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School counselors play a vital role in stopping bullying behavior. Here are some general tips that may aid your efforts.

How to Spot Children Who Are Being Bullied

  • Student may come to your office frequently, often under the guise of something other than bullying.
  • Student may exhibit signs of depression and anxiety.
  • Students who are bullied will frequently miss school because of it.
  • Student may avoid lunchroom, recess or other places where bullies may be.
  • Student may blame themselves for their social standing.
  • Student may lash out as others.
  • Students who are being bullied may sit by themselves at lunch.
  • Notice if a student is no longer spending time with other students once considered friends.

How to Spot Children Who May Be Bullying Others

  • Student is referred to counselor’s office frequently for conflict-related issues.
  • Student lashes out at other students.
  • Student has difficulties getting along with school staff.
  • Other students report that the student is spreading rumors.
  • Student may report problems at home.
  • Remember that relational/social bullying is harder to spot than physical and verbal bullying.

Preventing Bullying

  • Encourage your school to create a school-wide conflict resolution program.
  • Take a proactive role in creating a positive school climate.
  • Educate administrators, teachers and support staff about how to spot the signs of potential bullying.

Responding to Bullying

  • If you see it, stop it immediately. Ask the students involved if they wanted to come talk to you. If not, hold a very brief conversation with them about their behavior.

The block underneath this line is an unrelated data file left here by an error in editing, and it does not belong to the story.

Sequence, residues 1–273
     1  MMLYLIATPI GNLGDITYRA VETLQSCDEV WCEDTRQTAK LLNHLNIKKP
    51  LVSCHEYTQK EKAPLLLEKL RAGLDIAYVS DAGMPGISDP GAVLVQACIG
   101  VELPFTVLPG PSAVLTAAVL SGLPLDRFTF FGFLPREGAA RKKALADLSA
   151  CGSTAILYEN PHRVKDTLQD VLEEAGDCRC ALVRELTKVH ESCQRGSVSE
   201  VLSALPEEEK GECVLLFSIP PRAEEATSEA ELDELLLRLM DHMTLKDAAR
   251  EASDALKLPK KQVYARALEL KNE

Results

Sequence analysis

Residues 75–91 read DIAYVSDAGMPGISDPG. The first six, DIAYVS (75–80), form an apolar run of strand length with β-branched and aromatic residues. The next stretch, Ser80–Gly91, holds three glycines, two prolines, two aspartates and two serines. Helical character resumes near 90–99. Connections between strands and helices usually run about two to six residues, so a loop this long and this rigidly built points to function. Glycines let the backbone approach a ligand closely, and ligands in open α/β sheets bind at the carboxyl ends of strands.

• Identify your office as a safe zone where students who are bullied can go
  • Hold small-group or individual sessions with kids who bully and/or are targets of bullying. For students who bully, these sessions can teach empathy, social and problem-solving skills. For students who are being bullied, these sessions may include training in how to respond to bullying, and work on emotional and self-esteem issues that may be exacerbated by bullying.


  • Stop Bullying Now is run by Stan Davis, a researcher on bullying and founding member of the International Bullying Prevention Association.
  • bullying prevention resources: The government’s official website on bullying provides resources for educators, students and parents regarding ways to prevent or reduce bullying.
  • An article by the National Association for School Psychologists focuses on bullying and intervention for school psychologists and counselors.
  • The Buzz on Bullying by the American School Counselor Association provides facts and information on bullying.
  • Cyberbullying: What Counselors Need to Know is published by the American Counseling Association and written by Sheri Bauman, an internationally recognized researcher on cyberbullying, and a member of the Fund for Civility, Respect and Understanding’s Anti-Bullying Task Force.
  • KidsHealth provides information for students about what school counselors can do to help them alleviate problems with bullying. Provides a good resource for how counselors can advocate for students.

Emergency Contacts

Community-Wide Crisis Line (24/7)
(520) 622-6000

The National Hopeline
800-SUICIDE (800-784-2433)

Learn more:

School-Wide Initiatives
Support Staff
Bullying Programs Research and Results